Proof of Life, Part 28

27 Sep

April 9, 2131

Hidaya watched the video Nassor sent of the news conference announcing her success. Her image, in a carefully draped hajib, occupied the top right corner of the screen. She straightened her spine when the reporter linked her name with those of Columbus, Magellan, and Armstrong. She, Captain Hidaya Tsuvecki, a female Muslim from Kenya, had earned a place in the history texts.

Proof of Life, Part 27

26 Sep

April 4, 2131

The Motherlode crossed Neptune’s orbit and officially entered the Kuiper belt.

“We’ve done it, Memre’! We’ve reached the Kuiper belt!”

“Yes, Captain.”

“Let’s send Nassor confirmation. Then we’ll slow down and begin the survey.”

Proof of Life, Part 26

24 Sep

June 26, 2129

“I’m over eight years into this journey, Nassor. It’s been much harder than I expected. Because people make me nervous, I thought I’d be fine alone. Dr. Nwosu has helped me see that my avoidance is a coping strategy. I still need people to, well, avoid or push away. That makes me feel in control, I guess.” She sighed. “We still have lots of work to do. Sometimes, though, I worry that if she cures me too soon before I get back, I will go crazy from the solitude.”

Proof of Life, Part 25

23 Sep

June 26, 2128

“Nassor! I found my old counselor, Dr. Nwosu! She assures me it is possible to root out even neuroses as deeply planted and long lasting as mine. We’re starting with my earliest memories, when I still thought the universe a good place. She has me doing sensory meditation exercises about my family and early childhood. I remember the sound of Father singing in the shower each morning. I remember how our mothers smelled: Maamaa smelled of sandalwood and patchouli; Min of cinnamon, cloves, and curry; and Mathee of the rose petals she scattered in her dresser. ”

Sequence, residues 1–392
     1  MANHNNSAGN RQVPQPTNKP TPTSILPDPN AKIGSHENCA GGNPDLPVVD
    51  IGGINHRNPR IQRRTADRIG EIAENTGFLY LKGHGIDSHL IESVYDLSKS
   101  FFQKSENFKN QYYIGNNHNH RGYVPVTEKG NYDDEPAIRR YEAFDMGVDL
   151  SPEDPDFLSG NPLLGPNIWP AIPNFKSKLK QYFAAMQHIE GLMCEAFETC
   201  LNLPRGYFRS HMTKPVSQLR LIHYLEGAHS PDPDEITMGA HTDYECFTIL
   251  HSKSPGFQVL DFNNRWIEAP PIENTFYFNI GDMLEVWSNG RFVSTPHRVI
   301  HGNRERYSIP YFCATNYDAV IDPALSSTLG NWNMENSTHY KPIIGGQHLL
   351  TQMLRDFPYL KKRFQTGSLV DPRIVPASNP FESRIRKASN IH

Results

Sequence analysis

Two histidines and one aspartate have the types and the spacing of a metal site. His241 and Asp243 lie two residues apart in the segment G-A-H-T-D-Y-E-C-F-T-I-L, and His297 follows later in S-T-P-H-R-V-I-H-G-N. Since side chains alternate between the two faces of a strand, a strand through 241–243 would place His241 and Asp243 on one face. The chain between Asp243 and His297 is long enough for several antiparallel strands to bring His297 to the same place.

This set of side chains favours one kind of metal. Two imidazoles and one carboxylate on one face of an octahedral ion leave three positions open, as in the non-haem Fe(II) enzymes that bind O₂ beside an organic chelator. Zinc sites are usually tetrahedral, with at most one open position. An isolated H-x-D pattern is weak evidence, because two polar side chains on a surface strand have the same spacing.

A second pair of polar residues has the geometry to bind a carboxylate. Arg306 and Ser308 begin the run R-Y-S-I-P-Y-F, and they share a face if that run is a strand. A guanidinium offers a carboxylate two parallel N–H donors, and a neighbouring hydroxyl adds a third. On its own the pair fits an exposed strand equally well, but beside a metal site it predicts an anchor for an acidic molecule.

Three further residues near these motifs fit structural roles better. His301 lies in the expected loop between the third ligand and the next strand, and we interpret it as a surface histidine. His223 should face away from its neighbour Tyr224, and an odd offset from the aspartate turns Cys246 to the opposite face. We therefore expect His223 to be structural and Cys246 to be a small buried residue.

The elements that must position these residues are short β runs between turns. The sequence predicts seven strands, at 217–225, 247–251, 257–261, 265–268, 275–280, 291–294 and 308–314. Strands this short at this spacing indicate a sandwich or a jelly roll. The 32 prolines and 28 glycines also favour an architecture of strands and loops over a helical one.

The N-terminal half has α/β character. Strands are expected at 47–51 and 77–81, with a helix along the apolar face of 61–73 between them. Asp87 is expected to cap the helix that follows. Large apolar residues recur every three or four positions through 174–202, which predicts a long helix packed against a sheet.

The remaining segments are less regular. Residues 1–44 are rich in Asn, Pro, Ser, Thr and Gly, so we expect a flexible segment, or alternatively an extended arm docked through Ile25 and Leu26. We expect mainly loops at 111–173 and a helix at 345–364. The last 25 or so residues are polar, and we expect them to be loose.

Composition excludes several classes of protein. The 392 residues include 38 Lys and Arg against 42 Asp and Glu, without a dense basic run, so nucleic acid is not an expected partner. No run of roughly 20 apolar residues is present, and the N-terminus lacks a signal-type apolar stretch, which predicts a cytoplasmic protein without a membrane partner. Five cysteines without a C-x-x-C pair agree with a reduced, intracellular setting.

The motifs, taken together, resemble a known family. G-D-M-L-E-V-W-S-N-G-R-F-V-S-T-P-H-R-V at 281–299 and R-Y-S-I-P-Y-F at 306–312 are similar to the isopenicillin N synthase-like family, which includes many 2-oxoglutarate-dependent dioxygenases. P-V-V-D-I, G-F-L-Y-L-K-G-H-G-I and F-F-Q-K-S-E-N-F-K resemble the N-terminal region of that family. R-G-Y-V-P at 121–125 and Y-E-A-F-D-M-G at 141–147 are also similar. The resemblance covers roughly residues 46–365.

Proof of Life, Part 24

22 Sep

April 7, 2128

“Another response came to your search for Dr. Nwosu, Captain.”

Hidaya was working in the ship gardens. “Read it aloud.”

“Yangu Kipanya! My Little Mouse! It is very good to hear from you. I’ve often wondered how you fared after you left my care. I apologize for not responding more quickly, but I caught ImmunoDef4 this winter. I spent months in a slow recovery, but I’m better now and would like to know how you are doing. Tutaonana!”

Hidaya laughed, “That’s my old doctor! No one else ever called me Yangu Kipanya!” She inserted a transplant into a larger holder, tenderly spreading its roots for maximum exposure to the nutrient spray. “I’ll finish up here, Memre’, before replying.”

Proof of Life, Part 23

20 Sep

February 1, 2128

The standard filters sifted out responses from the lewd and fringe elements, but Hidaya still had over a hundred replies — thirty-three from personal injury attorneys. She was tempted to have Memre’ follow up on those with a nasty virus, but it was Ramadan. None came from her Dr. Nwosu.

Proof of Life, Part 22

18 Sep

January 29, 2128

On the first day of Ramadan, Hidaya settled into a comfortable lotus position and began to meditate. She considered her deep-seated anxieties. Since the riot, she’d avoided relationships with people other than Nassor and his family. She avoided physical contact because she knew that other people were dangerous and unpredictable. Out here, alone in space, without people to invoke her flight-or-fight response, she recognized that she was lonely. Perhaps now, with her mind clear, she should finally do some mental housekeeping. She sighed at this thought, because she knew she couldn’t do it alone.

“Memre’, send a query to Earth for Dr. Neema Nwosu, last known residence – Nairobi. Phrase it, ‘Captain Hidaya Tsuvecki seeks the Dr. Neema Nwosu, formerly of Nairobi, Kenya, who treated her from 2087 to 2089. Please respond.’ Attach a standard filter and secure path for responses then send it out.”

“Yes, Captain.”